by Keith McDonald
Porky Pig is one of the more underappreciated Looney Tunes characters. Sure, everyone remembers him for his iconic “Th-Th-Th-Th-Th-That’s all, folks!” line, but he lacks the same amount of star power that Bugs Bunny and Daffy Duck have. Whenever he does pop up, he’s almost always playing second fiddle to his more popular contemporaries. The irony is that Porky debuted several years before Bugs and Daffy did and they both owe their existence to co-starring in cartoons with him first. Nevertheless, poor old Porky often gets sidelined in favor of the more popular Looney Tunes stars, with video games being no exception.
Porky Pig’s Haunted Holiday is the only Porky-centric video game to be made to date. Although he’s made appearances in other games before and since, this is the only time that he has had a starring role to himself. It’s a simple platformer, like most Looney Tunes-related games of this era, but compared to the likes of Bugs Bunny Rabbit Rampage or Road Runner’s Death Valley Rally there’s something strangely off about it. While it plays pretty much like any other dime a dozen platform game, aesthetically it has this bizarre, off-putting atmosphere that feels very out of place from what you would expect.
Porky Pig is sitting up at night reading holiday brochures, wondering where to go on his next vacation. He decides to sleep on it, only to be thrust into a globe-trotting nightmare in a world ruled over by Daffy the Count Duck. The “dream” scenario is a relatively common one in games based on established licenses; it gives the developers the freedom to do whatever they want without violating the internal logic of the property. Haunted Holiday perhaps doesn’t make the most of this freedom, often lapsing into platform game level clichés (the forest level, the underwater level, the mine level etc.), but it has its own little oddball flourishes.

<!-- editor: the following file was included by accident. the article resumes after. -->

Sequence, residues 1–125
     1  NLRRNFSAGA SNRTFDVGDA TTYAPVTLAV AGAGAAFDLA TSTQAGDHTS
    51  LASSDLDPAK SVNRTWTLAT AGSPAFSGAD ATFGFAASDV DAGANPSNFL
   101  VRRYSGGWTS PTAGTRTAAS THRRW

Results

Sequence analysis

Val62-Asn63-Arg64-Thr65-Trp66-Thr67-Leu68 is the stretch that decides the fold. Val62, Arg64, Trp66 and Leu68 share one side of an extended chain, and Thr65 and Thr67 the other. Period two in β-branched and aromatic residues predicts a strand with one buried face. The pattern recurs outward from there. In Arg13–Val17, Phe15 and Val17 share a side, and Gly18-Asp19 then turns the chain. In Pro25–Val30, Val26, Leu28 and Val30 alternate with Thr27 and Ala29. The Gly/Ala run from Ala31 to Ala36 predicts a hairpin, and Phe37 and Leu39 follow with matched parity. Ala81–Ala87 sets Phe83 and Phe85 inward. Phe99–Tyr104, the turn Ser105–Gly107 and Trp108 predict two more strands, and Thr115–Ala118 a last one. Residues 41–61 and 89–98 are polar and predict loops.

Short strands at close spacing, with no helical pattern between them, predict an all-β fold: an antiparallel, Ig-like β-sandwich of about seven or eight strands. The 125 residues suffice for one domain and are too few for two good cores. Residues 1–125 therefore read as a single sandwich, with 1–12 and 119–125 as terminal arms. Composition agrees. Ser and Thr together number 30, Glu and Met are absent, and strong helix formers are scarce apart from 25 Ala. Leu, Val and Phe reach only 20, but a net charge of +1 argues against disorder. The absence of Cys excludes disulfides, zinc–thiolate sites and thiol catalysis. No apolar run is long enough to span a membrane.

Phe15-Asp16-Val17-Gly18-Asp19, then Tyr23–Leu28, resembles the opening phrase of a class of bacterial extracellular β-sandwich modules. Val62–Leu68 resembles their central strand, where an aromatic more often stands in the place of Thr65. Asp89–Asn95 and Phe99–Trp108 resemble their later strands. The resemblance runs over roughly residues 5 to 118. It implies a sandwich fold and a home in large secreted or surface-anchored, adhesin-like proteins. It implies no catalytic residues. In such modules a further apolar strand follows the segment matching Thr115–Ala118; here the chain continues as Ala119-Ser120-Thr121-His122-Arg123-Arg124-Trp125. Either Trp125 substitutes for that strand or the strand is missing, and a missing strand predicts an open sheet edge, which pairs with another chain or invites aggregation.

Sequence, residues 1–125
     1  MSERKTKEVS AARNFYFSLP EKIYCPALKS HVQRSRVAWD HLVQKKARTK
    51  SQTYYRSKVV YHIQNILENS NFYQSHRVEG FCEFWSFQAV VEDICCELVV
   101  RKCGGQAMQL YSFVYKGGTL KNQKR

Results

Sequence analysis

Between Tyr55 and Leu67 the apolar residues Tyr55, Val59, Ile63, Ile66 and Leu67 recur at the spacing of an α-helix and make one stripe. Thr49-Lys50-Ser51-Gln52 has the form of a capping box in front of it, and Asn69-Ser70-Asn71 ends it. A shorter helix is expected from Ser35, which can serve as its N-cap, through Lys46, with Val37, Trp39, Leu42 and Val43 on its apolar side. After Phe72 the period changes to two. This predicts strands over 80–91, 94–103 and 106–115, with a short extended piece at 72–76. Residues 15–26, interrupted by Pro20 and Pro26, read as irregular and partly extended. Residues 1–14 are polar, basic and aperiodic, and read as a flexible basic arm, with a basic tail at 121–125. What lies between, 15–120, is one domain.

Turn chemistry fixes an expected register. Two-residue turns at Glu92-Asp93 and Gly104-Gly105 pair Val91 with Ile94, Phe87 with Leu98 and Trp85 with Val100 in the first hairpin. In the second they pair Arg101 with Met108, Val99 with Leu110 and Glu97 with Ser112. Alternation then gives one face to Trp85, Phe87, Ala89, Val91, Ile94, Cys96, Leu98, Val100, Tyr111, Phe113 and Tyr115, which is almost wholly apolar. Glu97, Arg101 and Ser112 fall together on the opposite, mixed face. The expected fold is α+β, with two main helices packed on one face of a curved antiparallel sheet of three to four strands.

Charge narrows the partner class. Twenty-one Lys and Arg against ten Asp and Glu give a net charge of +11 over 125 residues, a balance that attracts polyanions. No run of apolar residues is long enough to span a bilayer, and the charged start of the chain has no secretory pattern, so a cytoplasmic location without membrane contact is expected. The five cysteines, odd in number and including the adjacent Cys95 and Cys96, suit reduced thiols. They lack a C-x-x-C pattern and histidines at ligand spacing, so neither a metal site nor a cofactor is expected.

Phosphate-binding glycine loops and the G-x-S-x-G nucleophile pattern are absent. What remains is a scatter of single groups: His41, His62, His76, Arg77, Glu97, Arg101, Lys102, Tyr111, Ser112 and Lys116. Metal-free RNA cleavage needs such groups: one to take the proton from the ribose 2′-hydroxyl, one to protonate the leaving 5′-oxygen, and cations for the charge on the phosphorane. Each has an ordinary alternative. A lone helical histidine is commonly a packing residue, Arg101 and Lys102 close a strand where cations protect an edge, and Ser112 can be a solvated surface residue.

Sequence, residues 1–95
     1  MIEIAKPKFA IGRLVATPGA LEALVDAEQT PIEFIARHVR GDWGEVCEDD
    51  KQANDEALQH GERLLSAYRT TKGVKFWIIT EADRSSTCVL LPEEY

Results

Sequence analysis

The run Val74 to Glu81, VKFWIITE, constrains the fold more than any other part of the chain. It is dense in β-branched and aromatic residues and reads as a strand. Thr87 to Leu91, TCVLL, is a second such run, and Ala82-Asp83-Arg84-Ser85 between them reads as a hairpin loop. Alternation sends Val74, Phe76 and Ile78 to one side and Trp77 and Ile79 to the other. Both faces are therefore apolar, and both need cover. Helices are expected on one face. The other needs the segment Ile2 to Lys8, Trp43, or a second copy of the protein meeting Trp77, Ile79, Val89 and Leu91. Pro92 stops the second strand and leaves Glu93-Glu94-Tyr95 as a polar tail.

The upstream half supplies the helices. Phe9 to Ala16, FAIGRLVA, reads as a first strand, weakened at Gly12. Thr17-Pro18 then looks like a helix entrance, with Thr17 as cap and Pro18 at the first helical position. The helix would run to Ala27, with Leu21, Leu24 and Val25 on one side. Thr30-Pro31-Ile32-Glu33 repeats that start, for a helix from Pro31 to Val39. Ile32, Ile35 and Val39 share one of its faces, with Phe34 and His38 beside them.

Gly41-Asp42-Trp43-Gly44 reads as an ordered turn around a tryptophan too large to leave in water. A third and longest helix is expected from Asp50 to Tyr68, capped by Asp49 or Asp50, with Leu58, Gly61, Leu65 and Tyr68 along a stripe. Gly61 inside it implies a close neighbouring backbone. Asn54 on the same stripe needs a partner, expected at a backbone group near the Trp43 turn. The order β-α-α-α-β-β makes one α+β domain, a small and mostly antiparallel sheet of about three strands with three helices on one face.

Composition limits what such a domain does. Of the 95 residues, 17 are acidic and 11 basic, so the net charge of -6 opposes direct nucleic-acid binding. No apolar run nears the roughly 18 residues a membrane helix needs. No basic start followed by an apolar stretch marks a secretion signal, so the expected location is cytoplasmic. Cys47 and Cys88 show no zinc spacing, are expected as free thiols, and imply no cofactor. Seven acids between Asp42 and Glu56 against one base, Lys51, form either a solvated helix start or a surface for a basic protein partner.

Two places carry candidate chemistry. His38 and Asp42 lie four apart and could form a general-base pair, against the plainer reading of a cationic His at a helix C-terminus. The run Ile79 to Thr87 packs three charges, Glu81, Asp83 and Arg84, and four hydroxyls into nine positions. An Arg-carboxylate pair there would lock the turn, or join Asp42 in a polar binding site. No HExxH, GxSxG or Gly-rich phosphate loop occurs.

At first Porky can’t do a whole lot more than run and jump, taking out enemies in the typical platformer way of bouncing on their heads. Other than the cupcakes that act as the coin substitutes of the game, power-ups are thin on the ground. Baskets of fruit can be picked up to give Porky a projectile attack and fizzy soda somehow allows him to float. Compared to other platform games of the time, it’s very bare bones.
What makes Haunted Holiday worth playing at least once is these aforementioned oddball flourishes. The game has a weather system where, every time you play, it randomly chooses between different seasonal variants for each level. Even though it doesn’t matter to the level design if it’s sunny, raining or snowing, it’s a nice gimmick and a good show of effort on the part of the developers. The first level even has a few sections where you have to climb up and slide down a large tree which has a neat little rotation effect as you circle around it. The backgrounds look quite nice in general, some of them having a surreal quality to them that fits with the “nightmare” theme well. The trees in the first level with their spooky eyes are weird enough, but then you get to the snow level where halfway through you literally cross the border into “Wackyland”. Here you find yourself hopping on turkey legs and stacks of dice inside a desert where it rains fishbones and literal cats and dogs. Despite seeming so out of left field, this stage is actually one big reference to a real Looney Tunes short “Porky Pig in Wackyland”… Who knows why it was randomly slotted into the middle of the snow level, though.